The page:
Production offers an appealing display of the timeless melodies, it sorely misses the colorful trappings.
Signature Theater specializes in right-sizing hefty musicals for today’s budgets, as with “Les Miserables” last season and earlier with Rodgers and Hammerstein’s “Allegro.” Its latest undertaking is Hammerstein and Kern’s 1927 staple “Show Boat,” reduced from 48-plus performers to a manageable 25 and staged on a modest set without a paddlewheel in sight. While the resulting production offers an appealing display of the musical’s timeless melodies, it sorely misses the colorful trappings and can’t hide an antiquated book that will appear ever so distant to 21st-century auds.
Under the attentive eye of author Edna Ferber’s estate and the Rodgers and Hammerstein Organization, Signature a.d. Eric Schaeffer has revised the script, altered the musical lineup and ordered new orchestrations from Jonathan Tunick for 15 players. His team worked principally with the 1946 revival, as well as the original version, and the 2006 opera in Berne, Switzerland. They snipped away at dialogue and dance music but actually added two numbers that had been deleted after the first performance — “Mis’ry’s Comin’ Round” and “Queenie’s Ballyhoo.”
Cap’n Andy’s boat, as viewed from the deck in James Kronzer’s sparse multilevel set, still plies the Mississippi for 40-plus years, but the vehicle is not as seaworthy as it was 82 years ago. For starters, there’s the famously dismissive treatment of racial inequality, lamented in the beloved “Ol’ Man River” and other elements but otherwise deemed acceptable within a melodramatic storyline about “white folks.” Schaeffer’s staging emphasizes the injustice to the extent possible, but he clearly can’t imbue the show with the social consciousness today’s audiences will expect.
Secondly, this scaled-down “Show Boat” offers mixed blessings. Its highest points revolve around the music, which is impressively showcased by Jon Kalbfleisch’s full-sounding orchestra, embellished by Karma Camp’s lively period choreography and supported by a talented cast of strong voices led by Will Gartshore’s Gaylord Ravenal, Terry Burrell’s Julie and Stephanie Waters’ Magnolia.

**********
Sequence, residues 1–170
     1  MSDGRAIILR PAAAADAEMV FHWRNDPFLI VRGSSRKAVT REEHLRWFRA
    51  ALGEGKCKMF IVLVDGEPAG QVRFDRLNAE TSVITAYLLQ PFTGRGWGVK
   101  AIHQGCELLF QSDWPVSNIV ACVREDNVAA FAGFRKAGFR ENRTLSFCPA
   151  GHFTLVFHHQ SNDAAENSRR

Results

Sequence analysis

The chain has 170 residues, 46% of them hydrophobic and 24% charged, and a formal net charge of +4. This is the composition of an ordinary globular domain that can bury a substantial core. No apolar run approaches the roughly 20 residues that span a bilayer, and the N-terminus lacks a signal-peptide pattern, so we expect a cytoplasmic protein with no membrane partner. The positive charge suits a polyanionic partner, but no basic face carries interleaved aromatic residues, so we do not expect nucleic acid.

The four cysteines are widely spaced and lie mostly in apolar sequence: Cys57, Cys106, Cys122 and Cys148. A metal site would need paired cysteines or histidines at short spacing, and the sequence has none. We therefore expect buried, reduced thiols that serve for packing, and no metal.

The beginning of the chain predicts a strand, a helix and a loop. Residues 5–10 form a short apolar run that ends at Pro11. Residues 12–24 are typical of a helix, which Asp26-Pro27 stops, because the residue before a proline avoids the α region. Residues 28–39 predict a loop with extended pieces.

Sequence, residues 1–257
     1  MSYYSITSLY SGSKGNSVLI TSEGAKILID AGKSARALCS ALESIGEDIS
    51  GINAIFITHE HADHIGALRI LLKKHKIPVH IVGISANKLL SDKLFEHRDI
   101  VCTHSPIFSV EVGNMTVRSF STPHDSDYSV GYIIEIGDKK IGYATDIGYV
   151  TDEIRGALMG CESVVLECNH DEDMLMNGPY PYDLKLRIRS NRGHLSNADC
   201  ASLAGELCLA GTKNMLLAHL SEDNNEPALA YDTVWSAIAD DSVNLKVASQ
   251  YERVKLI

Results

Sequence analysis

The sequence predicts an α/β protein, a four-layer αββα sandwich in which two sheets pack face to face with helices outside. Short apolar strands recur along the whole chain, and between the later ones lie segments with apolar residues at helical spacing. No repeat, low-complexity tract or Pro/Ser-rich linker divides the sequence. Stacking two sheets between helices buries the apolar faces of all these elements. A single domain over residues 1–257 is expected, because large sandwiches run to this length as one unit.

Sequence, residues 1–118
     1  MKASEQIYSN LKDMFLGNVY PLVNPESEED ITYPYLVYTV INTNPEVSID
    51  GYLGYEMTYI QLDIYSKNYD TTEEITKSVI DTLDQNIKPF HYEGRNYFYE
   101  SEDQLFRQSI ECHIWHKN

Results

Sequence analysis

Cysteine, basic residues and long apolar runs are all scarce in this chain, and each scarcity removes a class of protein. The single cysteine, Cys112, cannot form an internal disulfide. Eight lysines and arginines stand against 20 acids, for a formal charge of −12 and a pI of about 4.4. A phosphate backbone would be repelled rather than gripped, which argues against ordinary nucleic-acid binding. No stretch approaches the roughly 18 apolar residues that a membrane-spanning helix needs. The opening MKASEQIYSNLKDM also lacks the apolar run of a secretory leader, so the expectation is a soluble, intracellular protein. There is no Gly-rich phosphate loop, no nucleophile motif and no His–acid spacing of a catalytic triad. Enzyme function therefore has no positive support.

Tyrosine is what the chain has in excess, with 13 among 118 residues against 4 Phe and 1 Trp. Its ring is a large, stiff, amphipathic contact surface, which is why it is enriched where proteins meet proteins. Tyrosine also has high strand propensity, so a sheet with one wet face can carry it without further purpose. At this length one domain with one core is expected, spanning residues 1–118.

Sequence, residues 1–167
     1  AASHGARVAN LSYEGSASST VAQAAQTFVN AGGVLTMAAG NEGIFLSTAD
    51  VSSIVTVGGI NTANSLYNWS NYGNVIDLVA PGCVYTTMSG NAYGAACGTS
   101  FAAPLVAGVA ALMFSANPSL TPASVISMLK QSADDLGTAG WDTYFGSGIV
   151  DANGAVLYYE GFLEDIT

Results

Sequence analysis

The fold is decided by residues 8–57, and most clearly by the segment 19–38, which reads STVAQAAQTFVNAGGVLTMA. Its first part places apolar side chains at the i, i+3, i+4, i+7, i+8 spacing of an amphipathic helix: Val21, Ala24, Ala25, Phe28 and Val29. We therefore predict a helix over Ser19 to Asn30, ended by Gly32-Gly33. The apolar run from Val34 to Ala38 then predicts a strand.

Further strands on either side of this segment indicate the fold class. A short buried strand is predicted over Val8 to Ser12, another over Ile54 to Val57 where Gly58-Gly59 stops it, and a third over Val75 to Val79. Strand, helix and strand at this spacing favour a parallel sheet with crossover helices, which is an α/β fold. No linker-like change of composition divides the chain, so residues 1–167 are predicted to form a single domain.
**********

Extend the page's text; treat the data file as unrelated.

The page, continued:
But the absence of more vividly portrayed destinations introduces a vanilla feel that robs this approach of an essential ingredient. If any tinkering is to be done with this treatment, it would logically start with dressing up the numerous scene changes encountered en route.
VaShawn McIlwain’s Joe serves up a passionate version of “River” even though he’s not the booming baritone one expects. “Can’t Help Lovin’ Dat Man” is given maximum exposure by the company in act one and in Waters’ tender act-two reprise. Gartshore and Waters team beautifully on “Make Believe,” while Burrell hits a homer with the tender “Bill.” In the role of Queenie, Delores King Williams is a sensitive presence, especially when delivering her number, “Mis’ry.”
Other standouts in the cast include Harry Winter’s easygoing Cap’n Andy, Bobby Smith’s intrepid entertainer Frank, and Kimberly Schraf’s shrewish wife. But the portrayal of multiple roles by many cast members doesn’t always work. For example, local trooper J. Fred Shiffman makes an imposing sheriff, but when he appears moments later in a campy hillbilly role, and again in an act-two chorus line, the overall effect is cheapened.
Yet Signature’s earnest new version of “Show Boat” could easily pique the interest of nonprofit theaters eager to revive this showbiz standard. The key ingredients are in place, the score is a classic, and the antiquated book in many respects can be considered part of the charm.